So, NET translates the verb darash three times in Gen. 9:5 as exact punishment. In Genesis 9:5, to exact punishment is to require someones life. The only problem with the NET Bibles translation choice is that the reader may wrongly think that the punishment falls short of death. NIV 2011 says I will demand an accounting, which is an abstraction similar to the NET. The Christian Standard Bible (CSB) translates, I will require the life, which finally sets matters straight. The New Living Translation (NLT) says, I will require the blood … anyone who murders a fellow human must die. That last is a paraphrase, but the meaning is correct.

Kenneth Mathews says, The general rule is that human life when violated, either by animal or fellow human, required the life of the offender.[4]

A second issue in Genesis 9:5 is the translation lifeblood (NET, ESV, NASB, and NIV 2011). You might think that this term translates a single word, but that is not the case. The NET Bible Notes say, Again the [Hebrew] text uses apposition to clarify what kind of blood is being discussed: your blood, [that is] for your life.[5] By apposition the Notes mean that blood and life are nouns which have a grammatical relationship to one another; in this case the relationship is expressed in the following way: your blood . . . for your life.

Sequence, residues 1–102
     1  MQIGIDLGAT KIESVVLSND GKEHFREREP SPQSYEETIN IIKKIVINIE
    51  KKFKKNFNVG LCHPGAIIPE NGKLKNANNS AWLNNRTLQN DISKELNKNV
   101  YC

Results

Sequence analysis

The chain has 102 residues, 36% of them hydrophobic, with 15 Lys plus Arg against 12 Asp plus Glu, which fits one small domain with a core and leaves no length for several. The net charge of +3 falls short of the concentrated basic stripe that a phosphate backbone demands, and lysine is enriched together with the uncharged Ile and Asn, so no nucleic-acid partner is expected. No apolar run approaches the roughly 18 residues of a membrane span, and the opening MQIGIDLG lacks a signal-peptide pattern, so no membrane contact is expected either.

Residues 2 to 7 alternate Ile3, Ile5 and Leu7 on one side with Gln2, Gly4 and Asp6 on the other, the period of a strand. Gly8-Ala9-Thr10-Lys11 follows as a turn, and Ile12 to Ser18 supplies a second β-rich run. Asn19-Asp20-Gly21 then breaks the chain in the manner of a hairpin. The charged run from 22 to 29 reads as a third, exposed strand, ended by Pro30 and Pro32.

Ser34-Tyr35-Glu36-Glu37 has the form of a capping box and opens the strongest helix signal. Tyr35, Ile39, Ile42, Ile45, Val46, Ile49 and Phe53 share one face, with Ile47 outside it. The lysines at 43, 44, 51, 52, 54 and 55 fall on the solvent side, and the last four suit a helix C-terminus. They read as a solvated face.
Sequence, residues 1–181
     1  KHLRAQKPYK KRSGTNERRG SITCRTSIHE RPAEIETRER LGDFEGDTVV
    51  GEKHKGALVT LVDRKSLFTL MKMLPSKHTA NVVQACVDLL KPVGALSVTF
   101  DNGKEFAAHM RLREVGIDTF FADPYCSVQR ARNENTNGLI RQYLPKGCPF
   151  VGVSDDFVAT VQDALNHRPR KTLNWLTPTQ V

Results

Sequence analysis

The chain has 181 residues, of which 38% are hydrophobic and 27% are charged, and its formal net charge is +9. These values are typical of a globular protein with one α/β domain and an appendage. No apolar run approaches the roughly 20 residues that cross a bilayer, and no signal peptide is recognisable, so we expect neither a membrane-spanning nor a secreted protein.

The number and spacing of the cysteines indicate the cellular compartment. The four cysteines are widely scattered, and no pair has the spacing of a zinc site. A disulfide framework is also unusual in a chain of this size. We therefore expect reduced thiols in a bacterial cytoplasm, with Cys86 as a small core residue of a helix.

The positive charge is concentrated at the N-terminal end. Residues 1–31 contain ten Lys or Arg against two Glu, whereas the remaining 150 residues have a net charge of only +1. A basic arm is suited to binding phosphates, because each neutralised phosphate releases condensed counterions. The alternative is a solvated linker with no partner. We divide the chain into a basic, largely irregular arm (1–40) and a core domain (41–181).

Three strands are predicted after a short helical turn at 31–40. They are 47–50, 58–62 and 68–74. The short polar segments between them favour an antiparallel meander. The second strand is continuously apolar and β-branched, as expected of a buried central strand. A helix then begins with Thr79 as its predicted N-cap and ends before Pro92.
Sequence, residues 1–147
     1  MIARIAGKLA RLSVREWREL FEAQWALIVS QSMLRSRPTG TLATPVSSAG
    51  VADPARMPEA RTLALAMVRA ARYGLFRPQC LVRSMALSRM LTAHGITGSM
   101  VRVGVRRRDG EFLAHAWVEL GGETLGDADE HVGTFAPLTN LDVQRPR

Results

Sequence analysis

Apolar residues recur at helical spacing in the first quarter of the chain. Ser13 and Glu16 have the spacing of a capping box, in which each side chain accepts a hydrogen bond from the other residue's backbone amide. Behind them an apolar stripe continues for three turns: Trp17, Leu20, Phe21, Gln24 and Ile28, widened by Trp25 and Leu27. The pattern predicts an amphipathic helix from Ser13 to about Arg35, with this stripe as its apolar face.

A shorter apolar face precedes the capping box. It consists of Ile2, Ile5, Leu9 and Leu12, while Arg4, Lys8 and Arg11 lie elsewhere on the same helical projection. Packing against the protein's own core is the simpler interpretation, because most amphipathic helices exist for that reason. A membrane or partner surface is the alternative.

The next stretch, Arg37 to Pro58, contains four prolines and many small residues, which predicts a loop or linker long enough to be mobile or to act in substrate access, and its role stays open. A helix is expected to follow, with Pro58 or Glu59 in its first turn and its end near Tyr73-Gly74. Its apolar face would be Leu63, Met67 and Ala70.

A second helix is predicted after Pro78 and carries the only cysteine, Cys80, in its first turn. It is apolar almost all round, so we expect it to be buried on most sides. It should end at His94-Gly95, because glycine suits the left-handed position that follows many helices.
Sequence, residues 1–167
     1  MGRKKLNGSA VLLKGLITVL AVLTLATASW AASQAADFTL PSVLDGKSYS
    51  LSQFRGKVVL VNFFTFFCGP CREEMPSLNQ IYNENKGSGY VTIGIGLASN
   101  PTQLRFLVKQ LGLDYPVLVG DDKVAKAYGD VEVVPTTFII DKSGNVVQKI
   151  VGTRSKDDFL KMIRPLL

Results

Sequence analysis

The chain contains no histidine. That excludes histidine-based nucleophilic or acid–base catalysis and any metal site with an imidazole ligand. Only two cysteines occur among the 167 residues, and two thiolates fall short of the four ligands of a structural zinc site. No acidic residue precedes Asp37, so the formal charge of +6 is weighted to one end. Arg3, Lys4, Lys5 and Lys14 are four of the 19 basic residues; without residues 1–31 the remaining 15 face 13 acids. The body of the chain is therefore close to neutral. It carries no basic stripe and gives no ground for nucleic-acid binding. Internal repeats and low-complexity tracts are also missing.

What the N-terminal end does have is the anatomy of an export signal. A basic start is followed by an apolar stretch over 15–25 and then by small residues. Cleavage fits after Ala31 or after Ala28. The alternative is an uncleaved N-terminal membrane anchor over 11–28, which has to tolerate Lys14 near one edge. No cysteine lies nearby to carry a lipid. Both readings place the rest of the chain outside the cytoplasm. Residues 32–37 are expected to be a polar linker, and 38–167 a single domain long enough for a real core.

The result of this analysis is shown by Gordon Wenhams translation of Genesis 9:5, which says: But I shall require your blood for your lives, from the hand of every wild animal I will require it; and from mans hand, from each man his brothers life, I shall require the life of man.[6] Genesis 9:5 makes an intentional reference to Genesis 4 and the murder of Abel. This verse directly implies that Cain was his brothers keeper, and the rest of us are put on notice!

Perhaps you noticed that Wenhams translation used the word brother instead of the NETs relative. All human beings are made in Gods image; there are no exceptions.